Composer Angelo Badalamenti has died, leaving behind a musical legacy that spanned ’80s slashers, holiday season slapstick, and, of course, his long running creative partnership with director David Lynch. In memory of the man who collaborated with a Beatle and Bowie and was responsible for so much of the unmistakable mood of the Lynch filmography, the IndieWire staff picked five of the film and TV compositions that will forever transport us to a place where the birds sing a pretty song, and there’s always music in the air.
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“Blue Velvet,” “Main Title” (1986)
The first collaboration between Badalamenti and Lynch, “Blue Velvet” boasts a main title that sees the late composer wryly hinting at the devilish duplicity of Jeffrey Beaumont’s (Kyle MacLachlan) descent into a suburban underworld with characteristic brilliance.
Presented over a blue velvet curtain, with the embellished names of Isabella Rossellini, Dennis Hopper, and the rest of the singular cast fading in and out, the 1986 film’s opening is at first classic in its theatricality: robust, celebratory, safe. But as the orchestra swells and the warm brass builds atop a snowballing cascade of minor chords, Badalamenti introduces a vicious playfulness crystallized in the rest of the horror’s soundtrack. As the “Blue Velvet” main title slips into Bobby Vinton’s crooning take on the ’50s love song that gives the film its name, the literal and the ethereal collide at the dreamlike bedrock of what would become a decade-spanning collaboration. —Alison Foreman
“Twin Peaks,” “Laura Palmer’s Theme” (1990)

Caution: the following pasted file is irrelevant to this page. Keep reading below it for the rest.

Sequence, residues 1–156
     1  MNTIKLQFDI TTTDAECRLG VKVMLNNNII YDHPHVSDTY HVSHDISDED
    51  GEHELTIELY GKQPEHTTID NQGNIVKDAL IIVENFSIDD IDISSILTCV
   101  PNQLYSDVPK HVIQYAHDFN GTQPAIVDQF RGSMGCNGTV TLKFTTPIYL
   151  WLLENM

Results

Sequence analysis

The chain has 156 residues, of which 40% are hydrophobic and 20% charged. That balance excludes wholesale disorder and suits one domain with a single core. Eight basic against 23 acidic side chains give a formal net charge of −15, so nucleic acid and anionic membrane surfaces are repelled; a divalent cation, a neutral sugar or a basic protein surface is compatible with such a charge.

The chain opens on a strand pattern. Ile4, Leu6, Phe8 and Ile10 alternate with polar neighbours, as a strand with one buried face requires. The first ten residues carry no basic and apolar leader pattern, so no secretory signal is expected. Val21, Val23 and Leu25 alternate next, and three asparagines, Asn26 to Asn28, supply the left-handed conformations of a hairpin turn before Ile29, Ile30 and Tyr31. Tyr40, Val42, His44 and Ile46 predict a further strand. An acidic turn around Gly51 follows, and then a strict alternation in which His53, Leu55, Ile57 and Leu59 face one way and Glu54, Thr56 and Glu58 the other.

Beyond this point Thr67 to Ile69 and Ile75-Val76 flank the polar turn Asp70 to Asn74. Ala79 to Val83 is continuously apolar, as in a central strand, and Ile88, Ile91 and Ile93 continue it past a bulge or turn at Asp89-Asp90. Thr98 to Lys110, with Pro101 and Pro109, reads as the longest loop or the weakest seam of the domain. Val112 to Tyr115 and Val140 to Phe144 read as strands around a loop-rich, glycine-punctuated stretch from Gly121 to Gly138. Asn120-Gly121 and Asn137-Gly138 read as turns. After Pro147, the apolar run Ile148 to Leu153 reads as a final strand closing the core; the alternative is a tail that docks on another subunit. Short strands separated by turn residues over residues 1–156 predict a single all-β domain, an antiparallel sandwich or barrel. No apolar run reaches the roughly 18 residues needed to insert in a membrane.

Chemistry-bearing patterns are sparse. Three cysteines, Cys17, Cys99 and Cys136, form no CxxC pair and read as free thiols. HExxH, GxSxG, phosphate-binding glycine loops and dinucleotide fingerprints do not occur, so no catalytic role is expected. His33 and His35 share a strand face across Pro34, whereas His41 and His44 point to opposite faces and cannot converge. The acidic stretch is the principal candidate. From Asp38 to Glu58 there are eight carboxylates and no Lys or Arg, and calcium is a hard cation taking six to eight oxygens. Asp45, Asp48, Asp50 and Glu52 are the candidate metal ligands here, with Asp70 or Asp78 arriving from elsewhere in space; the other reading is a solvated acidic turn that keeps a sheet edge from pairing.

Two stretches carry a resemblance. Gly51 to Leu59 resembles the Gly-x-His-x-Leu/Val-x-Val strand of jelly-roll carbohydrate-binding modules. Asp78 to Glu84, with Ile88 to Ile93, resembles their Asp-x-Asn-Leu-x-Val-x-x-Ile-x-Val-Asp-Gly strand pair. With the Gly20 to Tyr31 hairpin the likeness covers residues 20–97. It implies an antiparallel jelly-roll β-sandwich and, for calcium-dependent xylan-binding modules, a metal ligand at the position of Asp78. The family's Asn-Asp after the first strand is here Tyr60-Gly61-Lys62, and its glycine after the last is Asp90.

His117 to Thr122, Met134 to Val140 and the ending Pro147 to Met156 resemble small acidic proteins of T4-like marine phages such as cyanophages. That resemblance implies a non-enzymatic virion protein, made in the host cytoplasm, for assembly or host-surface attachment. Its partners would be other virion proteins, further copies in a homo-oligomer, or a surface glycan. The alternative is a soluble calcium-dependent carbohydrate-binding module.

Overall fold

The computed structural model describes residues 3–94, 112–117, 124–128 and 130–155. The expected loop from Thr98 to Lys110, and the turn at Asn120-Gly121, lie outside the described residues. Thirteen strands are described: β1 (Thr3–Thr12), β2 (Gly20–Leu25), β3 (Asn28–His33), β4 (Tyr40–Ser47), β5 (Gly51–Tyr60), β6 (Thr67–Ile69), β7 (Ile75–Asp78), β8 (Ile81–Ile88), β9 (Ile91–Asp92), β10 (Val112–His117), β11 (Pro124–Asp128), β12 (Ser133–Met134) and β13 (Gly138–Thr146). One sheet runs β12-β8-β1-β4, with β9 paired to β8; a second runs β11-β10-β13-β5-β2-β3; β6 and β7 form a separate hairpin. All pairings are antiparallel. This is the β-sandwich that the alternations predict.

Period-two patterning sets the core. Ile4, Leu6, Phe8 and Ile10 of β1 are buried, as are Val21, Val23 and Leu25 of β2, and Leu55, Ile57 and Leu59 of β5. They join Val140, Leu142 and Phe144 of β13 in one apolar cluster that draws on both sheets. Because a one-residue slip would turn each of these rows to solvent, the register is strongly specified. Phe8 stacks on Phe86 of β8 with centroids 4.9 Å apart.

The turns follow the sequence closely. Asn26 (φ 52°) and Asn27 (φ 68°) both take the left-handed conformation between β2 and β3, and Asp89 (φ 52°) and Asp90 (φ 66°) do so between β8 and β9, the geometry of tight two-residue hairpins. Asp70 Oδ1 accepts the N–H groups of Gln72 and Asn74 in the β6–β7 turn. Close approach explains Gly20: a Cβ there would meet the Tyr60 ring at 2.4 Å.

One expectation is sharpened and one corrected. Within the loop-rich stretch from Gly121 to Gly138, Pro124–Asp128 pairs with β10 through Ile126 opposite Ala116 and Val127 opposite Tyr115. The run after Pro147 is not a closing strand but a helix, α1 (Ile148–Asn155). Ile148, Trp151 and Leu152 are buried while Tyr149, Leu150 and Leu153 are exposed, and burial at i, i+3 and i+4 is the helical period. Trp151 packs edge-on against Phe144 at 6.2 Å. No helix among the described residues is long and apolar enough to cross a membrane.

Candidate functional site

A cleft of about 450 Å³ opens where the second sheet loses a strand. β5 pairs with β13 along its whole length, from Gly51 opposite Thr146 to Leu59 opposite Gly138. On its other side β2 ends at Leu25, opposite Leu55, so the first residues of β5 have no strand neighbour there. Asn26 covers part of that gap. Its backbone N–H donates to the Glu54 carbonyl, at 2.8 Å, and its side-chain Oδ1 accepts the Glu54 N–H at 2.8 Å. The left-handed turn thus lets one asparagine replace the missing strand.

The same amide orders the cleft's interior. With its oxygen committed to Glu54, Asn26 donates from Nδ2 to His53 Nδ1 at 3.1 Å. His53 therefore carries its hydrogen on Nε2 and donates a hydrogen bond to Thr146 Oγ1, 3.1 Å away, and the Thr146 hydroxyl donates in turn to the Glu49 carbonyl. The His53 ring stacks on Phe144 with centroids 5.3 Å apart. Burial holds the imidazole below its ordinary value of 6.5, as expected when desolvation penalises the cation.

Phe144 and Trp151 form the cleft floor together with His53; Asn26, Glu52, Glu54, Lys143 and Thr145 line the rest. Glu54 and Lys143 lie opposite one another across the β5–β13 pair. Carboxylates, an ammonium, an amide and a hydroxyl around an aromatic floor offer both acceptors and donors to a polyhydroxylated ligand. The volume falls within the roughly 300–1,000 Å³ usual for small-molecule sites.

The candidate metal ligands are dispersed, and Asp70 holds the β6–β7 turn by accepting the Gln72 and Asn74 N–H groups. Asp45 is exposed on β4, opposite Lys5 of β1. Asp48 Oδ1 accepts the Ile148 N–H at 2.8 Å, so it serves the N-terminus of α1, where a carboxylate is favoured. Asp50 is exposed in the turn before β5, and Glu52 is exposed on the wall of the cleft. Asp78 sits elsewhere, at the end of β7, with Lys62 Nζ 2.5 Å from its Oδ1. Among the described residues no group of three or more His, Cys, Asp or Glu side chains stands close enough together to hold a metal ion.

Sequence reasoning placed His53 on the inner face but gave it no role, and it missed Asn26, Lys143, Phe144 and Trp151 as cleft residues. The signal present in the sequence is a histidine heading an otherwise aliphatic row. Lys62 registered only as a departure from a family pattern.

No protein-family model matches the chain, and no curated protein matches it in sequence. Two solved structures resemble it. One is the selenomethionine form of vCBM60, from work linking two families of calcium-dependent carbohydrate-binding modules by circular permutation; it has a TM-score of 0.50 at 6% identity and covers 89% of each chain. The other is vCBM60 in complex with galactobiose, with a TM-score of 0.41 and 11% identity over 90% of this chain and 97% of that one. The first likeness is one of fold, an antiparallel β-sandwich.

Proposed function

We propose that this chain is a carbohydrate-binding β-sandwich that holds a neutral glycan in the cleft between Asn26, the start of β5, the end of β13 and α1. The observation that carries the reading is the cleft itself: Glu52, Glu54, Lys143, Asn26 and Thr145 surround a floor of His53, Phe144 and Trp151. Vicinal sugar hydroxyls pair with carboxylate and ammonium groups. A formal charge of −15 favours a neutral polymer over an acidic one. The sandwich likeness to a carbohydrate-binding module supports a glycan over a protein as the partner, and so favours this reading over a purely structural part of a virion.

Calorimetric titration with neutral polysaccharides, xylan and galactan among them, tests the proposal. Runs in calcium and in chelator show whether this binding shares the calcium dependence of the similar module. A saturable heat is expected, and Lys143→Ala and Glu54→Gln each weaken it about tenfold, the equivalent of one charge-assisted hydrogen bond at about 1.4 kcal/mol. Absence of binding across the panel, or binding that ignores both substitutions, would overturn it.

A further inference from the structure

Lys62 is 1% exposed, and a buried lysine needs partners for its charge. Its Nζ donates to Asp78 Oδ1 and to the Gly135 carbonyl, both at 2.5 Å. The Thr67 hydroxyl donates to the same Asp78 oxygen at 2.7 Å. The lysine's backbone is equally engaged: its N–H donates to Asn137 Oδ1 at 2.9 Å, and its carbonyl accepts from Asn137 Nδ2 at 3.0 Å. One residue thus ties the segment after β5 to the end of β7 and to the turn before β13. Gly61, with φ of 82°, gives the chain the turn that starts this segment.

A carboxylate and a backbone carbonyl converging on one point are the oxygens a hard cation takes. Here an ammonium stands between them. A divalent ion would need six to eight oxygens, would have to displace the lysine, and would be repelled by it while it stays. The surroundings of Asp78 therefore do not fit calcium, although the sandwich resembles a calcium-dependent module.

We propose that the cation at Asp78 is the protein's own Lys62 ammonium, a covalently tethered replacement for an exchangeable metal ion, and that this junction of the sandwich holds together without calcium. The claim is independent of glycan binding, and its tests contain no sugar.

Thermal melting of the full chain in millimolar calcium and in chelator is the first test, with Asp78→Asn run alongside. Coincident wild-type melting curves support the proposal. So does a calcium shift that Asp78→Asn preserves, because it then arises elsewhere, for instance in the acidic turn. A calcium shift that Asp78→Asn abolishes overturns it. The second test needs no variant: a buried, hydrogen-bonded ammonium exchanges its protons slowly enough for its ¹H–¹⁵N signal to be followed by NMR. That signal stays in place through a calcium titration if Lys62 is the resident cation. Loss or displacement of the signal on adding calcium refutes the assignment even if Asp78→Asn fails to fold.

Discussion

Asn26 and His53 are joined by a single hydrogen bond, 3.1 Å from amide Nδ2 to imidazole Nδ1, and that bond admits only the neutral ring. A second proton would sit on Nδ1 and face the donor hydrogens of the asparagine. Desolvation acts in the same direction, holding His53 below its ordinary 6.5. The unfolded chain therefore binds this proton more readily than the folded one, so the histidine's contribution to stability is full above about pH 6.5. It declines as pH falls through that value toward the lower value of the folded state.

To hear Badalamenti tell it, “Laura Palmer’s Theme” flowed from his fingers while Lynch described the elemental imagery of his pioneering TV team-up with Mark Frost: trees, wind, an owl, the emergence of a lonely girl from the darkness. Given the way each section of the theme rolls into the next, it’s impossible to imagine it coming together any other way — just as it’s impossible to imagine a version of “Twin Peaks” without those ominously sustained chords, the modulations that feel like they could just keep building infinitely toward the heavens, and the cascading beauty and romance that sticks around for just a few short measures before the whole thing dissolves back into dread. It’s a versatile cue that underscored melodrama, terror, and the end credits throughout the show’s ABC run, and came back for a particularly poignant full-circle moment in its 2017 sequel. Things have a habit of repeating themselves in “Twin Peaks,” and “Laura Palmer’s Theme” portrays those cycles beautifully, forever fading between light and dark, never fully giving itself over to one or the other. —Erik Adams